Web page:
In 1912: What Did “The Perfect Woman” Look Like?

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What makes for the perfect woman? That’s up for debate. But about 100 years ago, there was no debate, when a medical examiner declared a 24-year old student at Cornell University to be “the perfect woman.”

Her name was Elsie Scheel, and she was born and raised in Brooklyn, NY.  The student was selected as “the most nearly perfect physical specimen of womanhood.”

Dr Esther Parker, the university medical examiner, chose Scheel out of a group of 400 women.  Of course we doubt that black women were even considered for the prize.   The New York Times described her as “a light-haired, blue-eyed girl whose very presence bespeaks perfect health.”

She was 5’7” tall and 171 pounds.  Also, unlike many of the white women in magazines today, she was shapely, with dimensions of 35-30-40.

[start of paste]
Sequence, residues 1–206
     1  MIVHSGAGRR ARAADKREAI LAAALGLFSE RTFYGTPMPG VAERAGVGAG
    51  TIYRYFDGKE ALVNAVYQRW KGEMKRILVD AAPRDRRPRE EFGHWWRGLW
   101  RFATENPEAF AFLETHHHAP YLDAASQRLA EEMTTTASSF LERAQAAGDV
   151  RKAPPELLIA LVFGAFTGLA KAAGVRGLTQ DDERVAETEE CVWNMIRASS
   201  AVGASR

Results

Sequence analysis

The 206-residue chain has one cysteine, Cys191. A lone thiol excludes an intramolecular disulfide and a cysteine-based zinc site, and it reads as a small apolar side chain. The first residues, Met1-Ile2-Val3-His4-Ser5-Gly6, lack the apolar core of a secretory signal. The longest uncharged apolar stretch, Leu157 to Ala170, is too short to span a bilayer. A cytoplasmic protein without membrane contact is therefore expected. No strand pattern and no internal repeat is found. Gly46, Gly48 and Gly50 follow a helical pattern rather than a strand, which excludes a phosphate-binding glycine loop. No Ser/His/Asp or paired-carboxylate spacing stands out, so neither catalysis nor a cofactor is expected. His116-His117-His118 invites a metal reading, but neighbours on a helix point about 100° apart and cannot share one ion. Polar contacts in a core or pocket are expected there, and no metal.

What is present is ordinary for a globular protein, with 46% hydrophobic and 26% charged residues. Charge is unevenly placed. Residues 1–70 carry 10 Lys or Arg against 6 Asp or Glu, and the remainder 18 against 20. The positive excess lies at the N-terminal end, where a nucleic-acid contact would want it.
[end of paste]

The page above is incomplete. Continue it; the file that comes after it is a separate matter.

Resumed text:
“Although taller than the model of antiquity and correspondingly heavier, her proportions are remarkably similar,” the Times said.

Scheel said that she believed in “common sense and sane living.”  She says that she ate what she wanted and when.

What does this say about the way the image of an attractive woman has changed over time?  Maybe this says that black women have had it right all along, since most women of color don’t embrace the anorexic lifestyles that have become so prevalent in pop culture.  But of course we know that there is no such thing as the perfect woman, since we are all special in our own way.